Chitta Basu, All India Forward Block

West Bengal is a State with unique characteristics marked with well-pronounced distinctiveness. These are all rooted historically in cultural, geo-political and economic particularities. The people of the Province (undivided) always articulated non-conformist stances even during freedom struggle against British Imperialism under the banner of the Indian National Congress. There was sharp and conflicting perception on the methodology and direction of post-independence reconstruction as well as the strategies to be followed in conducting the anti-imperialist struggle.

The violence-nonviolence con­troversies was a long drawn one. Protagonists of armed struggle to achieve freedom were no less prominent and respected than those who accepted Gandhite creed of non­violence. The Bose-Gandhi ideological conflicts during thirties and forties, contributed significantly to the crystalisation of non-conformism psyche among the Bengalees. Militancy and non-conformism were writ large on all spheres of movement, political, social and cultural. Protest, non-conformism, militancy were the hallmarks of dominat­ing ethos at the time, coupled with resurgent social reforms. It is essential to understand this backdrop because this went a long way to the formation of mental make-up of leftist leaders of Bengal, Jyoti Basu being no exception.

India attained freedom with truncated Bengal. East Pakistan a separate statial entity was created out of a single social, cultural and economic mainstream based on progressive nationalism with no justifiable rationale other than competitive communal intolerance among the upper strata of society of both communities - Hindus and Muslims.

The partition of Bengal brought in its wake myriad maladies including economic and social distortions and deformities in the entire Eastern and North-Eastern region. This led to overpopulation, economic imbalances, disparities, stagnation and finally de-industrialisation in West Bengal, with grave consequences in the East and North-East region of India. The Congress Govt. in the State and of the Centre, did not attend to the multiplying problems of partitioned State of West Bengal.

The people of West Bengal began to feel alienated and discriminated against by the Centre. This stirred the people emotionally.

The Congress Govt. did not fight against the feudalism and protected the feudal and the vested interests in the country resulting in massive impoverishment and im­miseration of a vast rural masses. Militant Trade Union movement grew fast in the fifties and sixties, against the exploitation of the Industrial Houses which controlled the traditional industries, the main arteries of economic activities of the State.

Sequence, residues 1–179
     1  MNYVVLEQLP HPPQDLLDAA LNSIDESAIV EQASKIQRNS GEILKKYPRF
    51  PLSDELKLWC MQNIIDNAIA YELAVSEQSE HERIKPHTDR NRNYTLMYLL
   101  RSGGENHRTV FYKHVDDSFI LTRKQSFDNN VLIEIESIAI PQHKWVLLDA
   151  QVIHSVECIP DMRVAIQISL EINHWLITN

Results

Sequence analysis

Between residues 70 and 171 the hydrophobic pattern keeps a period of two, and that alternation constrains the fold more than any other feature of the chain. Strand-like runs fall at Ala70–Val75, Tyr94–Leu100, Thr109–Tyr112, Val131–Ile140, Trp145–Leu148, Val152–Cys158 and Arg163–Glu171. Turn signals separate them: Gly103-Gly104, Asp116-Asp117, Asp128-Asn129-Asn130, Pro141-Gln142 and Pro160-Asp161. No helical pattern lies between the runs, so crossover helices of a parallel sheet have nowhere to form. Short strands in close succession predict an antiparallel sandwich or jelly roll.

The middle class intellectuals were highly aggrieved because the Congress Govt. did not take adequate measures to bring about radical changes in the educational system. Cultural advancement was a thing of the past. They felt deprieved and let down because the cultural resurgence brought about by freedom struggle could not be sustained and adequately followed up, in the post-independence era. Parliamentary democracy was not allowed to fully bloom because of the partisan attitude of the Con­gress, the ruling Party.

With every passing day, the wider and wider segments of the people could realise from their own experiences that the ruling congress party represented the vested interests - namely the big industrial houses in the city and landlords and rich farmers in the rural areas, to the serious detriment of the vital interests of the poor peasants, agricultural workers as well as industrial workers in the cities and towns and the urban and rural middle classes. In these dark days, days of despaire and frustration, Comrade Jyoti Basu as the leader of opposition in the Legislative Assembly made enormous efforts to combine the left voices against .the repressive and reactionary Congress Government. Not only on the floor of the Assembly but as a leader of the masses in fields and factories he organised people to oppose excesses perpetrated by the establishment and administration.
Left Parties like Communist Party (United), Forward Bloc, Revolutionary Socialist Party, Democratic Vanguard Bolshevik Party and others and other democratic parties and organisations like KMPP, PSP, Socialist Party, sometimes singly and sometimes unitedly built up popular movements against the Congress Govt. of the State and Centre in the fifties and sixties. United popular movements such as movement for the rehabilita­tion of the displaced persons from East Pakistan (now Bangladesh), movement for resistance to the Tram fares in Calcutta, movement demanding cheap food for the people, etc. which took place in the early fifties brought about awakening of the masses on a very large scale.